As the 1960’s wore on, the hiring at these factories was not as robust as it once was. Hassen pointed out that, although Singer closed down in 1982, the factory began its decline long before. If it was able to foresee the decline of these industries, the city might have more seriously considered the location of the Turnpike. But these were the days before “impact studies” were standard procedures for development. Nevertheless, the major employers for Elizabethport began a major exodus, causing the deterioration of the neighborhood that once strongly supported its growth. In the late 1960’s, the decline in the employment opportunities, the isolation of the African-American community in the “Port”, and the continuing presence of discrimination left residents of the neighborhood in a volatile state. Cities throughout the country were experiencing destructive race riots, including nearby Newark and Plainfield. The large population of African-Americans and minorities in Elizabethport were also angry and ready to take action against discrimination. The neighborhood was on the brink of disaster, but thankfully, there was never an outbreak of violence.

John Simon, a young Elizabeth Police Officer who walked the beat in the “Port” in the late sixties felt the palpable tension of civil unrest. An officer assigned to the walking patrol in those days was responsible for the length of either First, Second or Third Street from Trumbull all the way down to Elizabeth Avenue. Other officers also patrolled the area of Alexian Brothers Hospital on East Jersey Avenue and on Elizabeth Avenue. These thoroughfares covered a large, densely populated area where the slightest spark could have ignited a riot. Thankfully, there never was a spark.

There never was an event that would inflame the people to retaliatewith violence. John Simon credits that the absence of such a spark helped prevent riots from spreading to Elizabeth. Hassen Abdellah credits, and Simon agreed, that in large part, riots were prevented due to the leadership of religious leaders in the community and their peacekeeping volunteers.

The religious community in the “port” was diversified and vibrant. The neighborhood had three Catholic churches in St. Patrick, St. Adalbert and St. Peter and Paul, several Christian Churches including Greystone Presbyterian, Liberty Baptist (5th and Court Sts) , and also a small, but solid congregation of Sunni Muslims. As the Irish and Lithuanian populations declined after World War II, so did the attendance at St. Patrick and St. Peter and Paul. Likewise, the growth of the Polish population in Bayway caused a shift in the congregation from St. Adalbert to St. Hedwig. The other faith groups, however, did not experience this decline.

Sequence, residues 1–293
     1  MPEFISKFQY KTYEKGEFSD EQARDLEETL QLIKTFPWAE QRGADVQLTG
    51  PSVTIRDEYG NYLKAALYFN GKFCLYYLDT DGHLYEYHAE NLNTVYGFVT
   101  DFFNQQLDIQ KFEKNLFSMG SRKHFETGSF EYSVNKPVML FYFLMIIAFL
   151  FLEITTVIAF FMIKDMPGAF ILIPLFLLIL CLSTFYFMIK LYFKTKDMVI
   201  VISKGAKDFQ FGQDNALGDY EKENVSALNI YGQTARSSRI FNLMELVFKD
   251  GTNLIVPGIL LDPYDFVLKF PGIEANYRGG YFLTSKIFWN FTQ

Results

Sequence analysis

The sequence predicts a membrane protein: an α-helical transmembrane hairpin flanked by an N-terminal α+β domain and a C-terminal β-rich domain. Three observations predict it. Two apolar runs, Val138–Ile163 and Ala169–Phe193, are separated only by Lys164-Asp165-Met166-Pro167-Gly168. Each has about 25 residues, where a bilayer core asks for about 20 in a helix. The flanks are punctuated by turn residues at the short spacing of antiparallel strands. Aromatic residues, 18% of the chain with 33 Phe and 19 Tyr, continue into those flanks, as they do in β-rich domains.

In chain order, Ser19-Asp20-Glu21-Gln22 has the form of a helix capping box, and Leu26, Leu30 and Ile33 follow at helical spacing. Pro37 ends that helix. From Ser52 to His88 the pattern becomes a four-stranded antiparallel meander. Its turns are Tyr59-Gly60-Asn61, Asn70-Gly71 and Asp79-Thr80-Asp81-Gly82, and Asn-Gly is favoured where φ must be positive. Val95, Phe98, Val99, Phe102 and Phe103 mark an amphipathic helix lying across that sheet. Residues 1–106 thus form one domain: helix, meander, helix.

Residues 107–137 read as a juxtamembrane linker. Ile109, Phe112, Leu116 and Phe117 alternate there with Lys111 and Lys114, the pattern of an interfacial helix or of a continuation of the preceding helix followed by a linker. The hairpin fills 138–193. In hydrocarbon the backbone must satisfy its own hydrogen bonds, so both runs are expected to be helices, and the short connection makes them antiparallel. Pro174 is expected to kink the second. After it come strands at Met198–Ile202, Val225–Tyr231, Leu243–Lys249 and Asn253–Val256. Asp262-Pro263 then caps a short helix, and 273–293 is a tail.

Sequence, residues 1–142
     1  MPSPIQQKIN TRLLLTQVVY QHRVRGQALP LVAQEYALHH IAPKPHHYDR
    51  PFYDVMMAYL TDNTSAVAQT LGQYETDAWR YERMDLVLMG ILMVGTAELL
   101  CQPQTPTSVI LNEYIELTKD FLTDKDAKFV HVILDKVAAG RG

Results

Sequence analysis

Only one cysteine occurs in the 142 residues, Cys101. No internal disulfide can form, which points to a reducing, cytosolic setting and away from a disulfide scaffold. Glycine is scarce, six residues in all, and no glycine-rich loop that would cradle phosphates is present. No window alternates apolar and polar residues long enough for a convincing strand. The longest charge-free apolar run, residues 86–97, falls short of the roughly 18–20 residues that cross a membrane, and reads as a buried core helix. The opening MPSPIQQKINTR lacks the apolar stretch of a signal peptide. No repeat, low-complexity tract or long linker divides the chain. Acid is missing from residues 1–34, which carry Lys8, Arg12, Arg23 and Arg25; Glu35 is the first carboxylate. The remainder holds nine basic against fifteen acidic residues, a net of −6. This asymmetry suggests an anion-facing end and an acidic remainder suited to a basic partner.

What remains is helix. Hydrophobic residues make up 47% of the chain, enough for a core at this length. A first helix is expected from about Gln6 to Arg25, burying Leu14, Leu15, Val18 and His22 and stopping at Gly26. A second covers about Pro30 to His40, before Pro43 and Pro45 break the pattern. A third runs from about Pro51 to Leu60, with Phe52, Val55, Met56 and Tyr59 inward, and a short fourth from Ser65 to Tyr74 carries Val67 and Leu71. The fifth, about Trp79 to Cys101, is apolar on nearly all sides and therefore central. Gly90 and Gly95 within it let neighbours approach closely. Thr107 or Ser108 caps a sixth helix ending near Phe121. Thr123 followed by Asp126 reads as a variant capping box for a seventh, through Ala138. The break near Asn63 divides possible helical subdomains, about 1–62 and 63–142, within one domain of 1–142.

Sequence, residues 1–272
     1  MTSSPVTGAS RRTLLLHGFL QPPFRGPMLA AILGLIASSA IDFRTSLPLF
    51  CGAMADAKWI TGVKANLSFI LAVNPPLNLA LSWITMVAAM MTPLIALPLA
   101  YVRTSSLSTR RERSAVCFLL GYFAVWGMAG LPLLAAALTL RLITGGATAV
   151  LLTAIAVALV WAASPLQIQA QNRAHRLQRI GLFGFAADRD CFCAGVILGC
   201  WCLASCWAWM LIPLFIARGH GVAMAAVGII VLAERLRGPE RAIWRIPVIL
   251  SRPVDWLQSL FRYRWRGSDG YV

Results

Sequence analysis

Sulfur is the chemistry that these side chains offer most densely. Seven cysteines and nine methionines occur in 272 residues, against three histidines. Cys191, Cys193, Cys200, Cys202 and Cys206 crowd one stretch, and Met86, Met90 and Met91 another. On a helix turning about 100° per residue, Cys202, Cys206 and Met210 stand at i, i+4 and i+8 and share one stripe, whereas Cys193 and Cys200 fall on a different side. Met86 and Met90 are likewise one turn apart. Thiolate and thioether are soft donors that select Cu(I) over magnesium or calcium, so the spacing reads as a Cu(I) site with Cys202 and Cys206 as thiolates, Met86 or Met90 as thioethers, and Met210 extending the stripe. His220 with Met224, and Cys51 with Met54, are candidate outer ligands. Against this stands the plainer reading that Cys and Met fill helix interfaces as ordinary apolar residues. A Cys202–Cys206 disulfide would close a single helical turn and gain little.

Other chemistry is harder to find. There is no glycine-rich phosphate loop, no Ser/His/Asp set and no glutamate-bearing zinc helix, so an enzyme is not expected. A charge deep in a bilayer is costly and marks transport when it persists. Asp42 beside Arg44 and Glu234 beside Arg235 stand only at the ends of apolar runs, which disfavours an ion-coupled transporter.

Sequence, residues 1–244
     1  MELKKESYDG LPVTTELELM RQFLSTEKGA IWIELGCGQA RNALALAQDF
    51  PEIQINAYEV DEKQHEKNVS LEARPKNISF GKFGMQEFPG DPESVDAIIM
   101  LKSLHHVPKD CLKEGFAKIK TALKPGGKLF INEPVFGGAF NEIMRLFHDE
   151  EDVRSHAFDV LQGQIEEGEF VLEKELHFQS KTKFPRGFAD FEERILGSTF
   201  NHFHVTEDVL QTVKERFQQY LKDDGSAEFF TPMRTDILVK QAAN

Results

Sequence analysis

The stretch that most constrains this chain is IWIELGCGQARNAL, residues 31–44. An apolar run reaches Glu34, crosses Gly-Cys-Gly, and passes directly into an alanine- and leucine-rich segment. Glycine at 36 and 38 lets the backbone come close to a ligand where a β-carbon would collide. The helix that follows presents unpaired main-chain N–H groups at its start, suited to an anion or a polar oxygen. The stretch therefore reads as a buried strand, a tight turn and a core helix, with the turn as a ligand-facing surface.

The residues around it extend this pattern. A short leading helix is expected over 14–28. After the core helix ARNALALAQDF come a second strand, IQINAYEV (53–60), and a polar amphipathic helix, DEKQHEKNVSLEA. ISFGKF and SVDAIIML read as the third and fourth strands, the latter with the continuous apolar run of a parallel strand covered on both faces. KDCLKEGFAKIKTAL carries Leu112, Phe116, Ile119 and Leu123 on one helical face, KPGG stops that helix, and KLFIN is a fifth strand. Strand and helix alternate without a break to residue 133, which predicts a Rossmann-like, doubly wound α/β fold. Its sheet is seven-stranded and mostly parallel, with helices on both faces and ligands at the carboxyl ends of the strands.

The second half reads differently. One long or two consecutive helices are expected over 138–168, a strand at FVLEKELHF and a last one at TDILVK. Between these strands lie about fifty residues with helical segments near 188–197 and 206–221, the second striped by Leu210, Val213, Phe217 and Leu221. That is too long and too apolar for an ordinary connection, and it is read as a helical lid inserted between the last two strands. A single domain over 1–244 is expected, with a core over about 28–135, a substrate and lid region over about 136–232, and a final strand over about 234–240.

At different times Millie Robinson and her family attended different Christian churches – Liberty Baptist, Greystone Presbyterian and outside the Port Great Mt Teman AME Church – not for doctrinal reasons but because each church had a unique quality that set it apart from the others. Liberty Baptist on Fifth and Court Street was a conservative Southern Baptist Church that had an excellent choir.

The choir was so good that they would put on concerts and even toured in Europe. Other choirs from all over would come to Liberty Baptist to showcase their talents making Sunday services inspirational as well as spiritual.

Greater Mount Teman AME Church, on the other hand, did not have the same caliber choir, but was seen as more progressive than the conservative Liberty Baptist Church. Greystone Presbyterian was well known for their afterschool and summer programs.

Greystone would recruit kids from the “Port” to get involved with their programs and offered an educational and moral based alternative to the life in the streets. The Orthodox Sunni Muslim faith was lead by the Imam Hasham Jabar. The Imam stressed outreach to non-Muslims communities and nonviolent ways, which was vital in preventing a riot from taking place in Elizabeth. Although the congregation was smaller than other faiths, the Orthodox Muslims were well organized, tightly disciplined and vocal in the community.

In the late 1960’s, Elizabethport was about to encounter another dramatic shift in its demographics as it opened its doors to a new wave of immigration. In the early 1960’s, the storefronts on Elizabeth Avenue mostly had Jewish or Italian owners due to its proximity to Peterstown.

Seemingly overnight, however, those storefronts changed ownerships and began to represent the influx of Hispanic-Americans that were to embrace our city and upgrade the street. Initially, Cubans began populating the neighborhood and today every Latin American nation is properly represented in the “Port.”

Millie Robinson distinctly recalled the day in 1961 when the first Elizabeth Public School Hispanic faces – Angel and Maria – came into her elementary school classroom, the beginning of a major city transformation: “It changed all of Elizabeth,” Millie exclaimed. “It changed everything.”

The shift in population was sudden and caused those who lived and worked in the “Port” previously to adapt to them in many ways. For Millie, the impact of the Cuban migration was felt most poignantly in the Battin High School Class Presidential Election in 1969.